The purpose of the NPL, therefore, is primarily to serve as an informational and management tool. The identification of a site for the NPL is intended primarily to guide EPA in determining which sites warrant further investigation to assess the nature and extent of the public health and environmental risks associated with the site and to determine what CERCLA-financed remedial action(s), if any, may be appropriate. The NPL also serves to notify the public of sites that EPA believes warrant further investigation.
EPA has limited, by regulation, the expenditure of Trust Fund monies for remedial actions to those sites that have been placed on the final NPL, as outlined in the NCP at 40 CFR 300.66(c)(2) and 300.68(a). However, EPA may take enforcement actions under CERCLA or other applicable statutes against responsible parties regardless of whether the site is on the NPL, although, as a practical matter, the focus of EPA's CERCLA enforcement actions has been and will continue to be on NPL sites. Similarly, in the case of CERCLA removal actions, EPA has the authority to act at any site, whether listed or not, that meets the criteria of the NCP at 40 CFR 300.65-67.
EPA's policy is to pursue cleanup of NPL sites using the appropriate response and/or enforcement actions available to the Agency, including authorities other than CERCLA. Listing a site will serve as notice to any potentially responsible party that the Agency may initiate CERCLA-financed remedial action. The Agency will decide on a site-by-site basis whether to take enforcement or other action under CERCLA or other authorities, proceed directly with CERCLA-financed response actions and seek to recover response costs after cleanup, or do both. To the extent feasible, once sites are on the NPL, EPA will determine high-priority candidates for Superfund-finance response action and/or enforcement action through both State and Federal initiatives. These determinations will take into account which approach is more likely to most expeditiously accomplish cleanup of the site while using CERCLA's limited resources as efficiently as possible.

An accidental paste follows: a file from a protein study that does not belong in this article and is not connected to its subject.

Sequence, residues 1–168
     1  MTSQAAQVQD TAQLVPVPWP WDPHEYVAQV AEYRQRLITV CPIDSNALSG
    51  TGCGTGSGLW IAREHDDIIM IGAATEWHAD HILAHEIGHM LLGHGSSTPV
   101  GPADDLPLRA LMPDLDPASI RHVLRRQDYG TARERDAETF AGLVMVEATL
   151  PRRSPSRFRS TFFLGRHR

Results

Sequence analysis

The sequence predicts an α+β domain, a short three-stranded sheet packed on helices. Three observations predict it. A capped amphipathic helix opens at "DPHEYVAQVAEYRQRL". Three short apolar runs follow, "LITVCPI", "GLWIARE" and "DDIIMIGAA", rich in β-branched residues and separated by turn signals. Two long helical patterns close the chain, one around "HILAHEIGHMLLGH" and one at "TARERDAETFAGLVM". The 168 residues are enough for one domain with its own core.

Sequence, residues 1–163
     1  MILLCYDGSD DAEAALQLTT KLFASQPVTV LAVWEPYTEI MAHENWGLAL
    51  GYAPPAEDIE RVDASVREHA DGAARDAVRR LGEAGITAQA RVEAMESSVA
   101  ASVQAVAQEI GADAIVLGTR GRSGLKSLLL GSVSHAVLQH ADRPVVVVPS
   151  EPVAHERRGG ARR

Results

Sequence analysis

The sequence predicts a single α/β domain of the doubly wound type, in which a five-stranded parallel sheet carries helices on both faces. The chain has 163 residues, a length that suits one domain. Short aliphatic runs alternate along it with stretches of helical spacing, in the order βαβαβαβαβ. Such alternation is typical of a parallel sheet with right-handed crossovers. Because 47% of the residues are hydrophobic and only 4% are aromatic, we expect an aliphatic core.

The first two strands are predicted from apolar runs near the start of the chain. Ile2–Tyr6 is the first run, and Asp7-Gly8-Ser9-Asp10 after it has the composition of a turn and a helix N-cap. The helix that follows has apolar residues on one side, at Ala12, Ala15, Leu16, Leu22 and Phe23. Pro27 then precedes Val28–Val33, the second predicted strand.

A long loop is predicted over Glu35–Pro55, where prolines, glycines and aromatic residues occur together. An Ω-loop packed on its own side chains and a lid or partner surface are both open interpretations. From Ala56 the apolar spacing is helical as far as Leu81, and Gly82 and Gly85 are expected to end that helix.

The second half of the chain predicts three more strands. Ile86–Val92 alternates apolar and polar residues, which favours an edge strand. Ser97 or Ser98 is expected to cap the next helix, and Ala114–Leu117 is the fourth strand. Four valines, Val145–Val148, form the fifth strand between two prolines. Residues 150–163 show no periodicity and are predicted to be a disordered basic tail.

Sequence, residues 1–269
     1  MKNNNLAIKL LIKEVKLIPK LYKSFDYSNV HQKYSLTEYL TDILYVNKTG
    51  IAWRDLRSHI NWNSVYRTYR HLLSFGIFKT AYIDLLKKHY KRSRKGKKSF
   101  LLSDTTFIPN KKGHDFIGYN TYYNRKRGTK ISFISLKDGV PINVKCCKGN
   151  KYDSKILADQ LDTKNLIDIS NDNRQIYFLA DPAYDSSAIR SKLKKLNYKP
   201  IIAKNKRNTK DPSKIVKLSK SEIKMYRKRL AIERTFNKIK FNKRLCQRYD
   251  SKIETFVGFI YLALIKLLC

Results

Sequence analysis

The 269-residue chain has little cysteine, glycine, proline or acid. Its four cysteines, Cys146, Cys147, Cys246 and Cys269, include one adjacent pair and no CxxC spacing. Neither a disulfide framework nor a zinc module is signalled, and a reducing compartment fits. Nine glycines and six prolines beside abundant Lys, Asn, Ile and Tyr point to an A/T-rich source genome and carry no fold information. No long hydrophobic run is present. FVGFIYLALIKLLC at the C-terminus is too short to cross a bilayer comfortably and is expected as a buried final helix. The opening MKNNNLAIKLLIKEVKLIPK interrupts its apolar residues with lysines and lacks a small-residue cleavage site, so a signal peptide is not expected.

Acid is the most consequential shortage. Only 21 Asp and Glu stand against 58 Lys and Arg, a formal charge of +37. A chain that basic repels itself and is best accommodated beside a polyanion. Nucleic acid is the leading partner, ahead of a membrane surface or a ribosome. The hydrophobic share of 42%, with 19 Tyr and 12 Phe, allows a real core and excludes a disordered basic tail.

Remedial response actions will not necessarily be funded in the same order as a site's ranking on the NPL. Most sites are listed in the order of their HRS scores, and the Agency has recognized that the information collected to develop HRS scores is not sufficient in itself to determine either the extent of contamination or the appropriate response for a particular site. EPA relies on further, more detailed studies in the remedial investigation/feasibility study (RI/FS) to address these concerns.
The RI/FS determines the nature and extent of the threat presented by the contamination (40 CFR 300.68(d)). It also takes into account the amount of contaminants in the environment, the risk to affected populations and environment, the cost to correct problems at the site, and the response actions that have been taken by potentially responsible parties or others. Decisions on the type and extent of action to be taken at these sites are made in accordance with the criteria contained in Subpart F of the NCP. After conducting these additional studies, EPA may conclude that it is not desirable to initiate a CERCLA remedial action at some sites on the NPL because of more pressing needs at other sites, or because a private party cleanup is already underway pursuant to an enforcement action. Given the limited resources available in the Trust Fund, the Agency must carefully balance the relative needs for response at the numerous sites it has studied. It is also possible that EPA will conclude after further analysis that the site does not warrant remedial action.
There are three mechanisms for placing sites on the NPL. The principal mechanism is the application of the HRS. The HRS serves as a screening device to evaluate the relative potential of uncontrolled hazardous substances to cause human health or safety problems, or ecological or environmental damage. The HRS score represents an estimate of the relative "probability and magnitude of harm to the human population or sensitive environment from exposure to hazardous substances as a result of the contamination of ground water, surface water, or air (47 FR 31180, July 16, 1982). Those sites that score 28.50 or greater on the HRS are eligible for the NPL.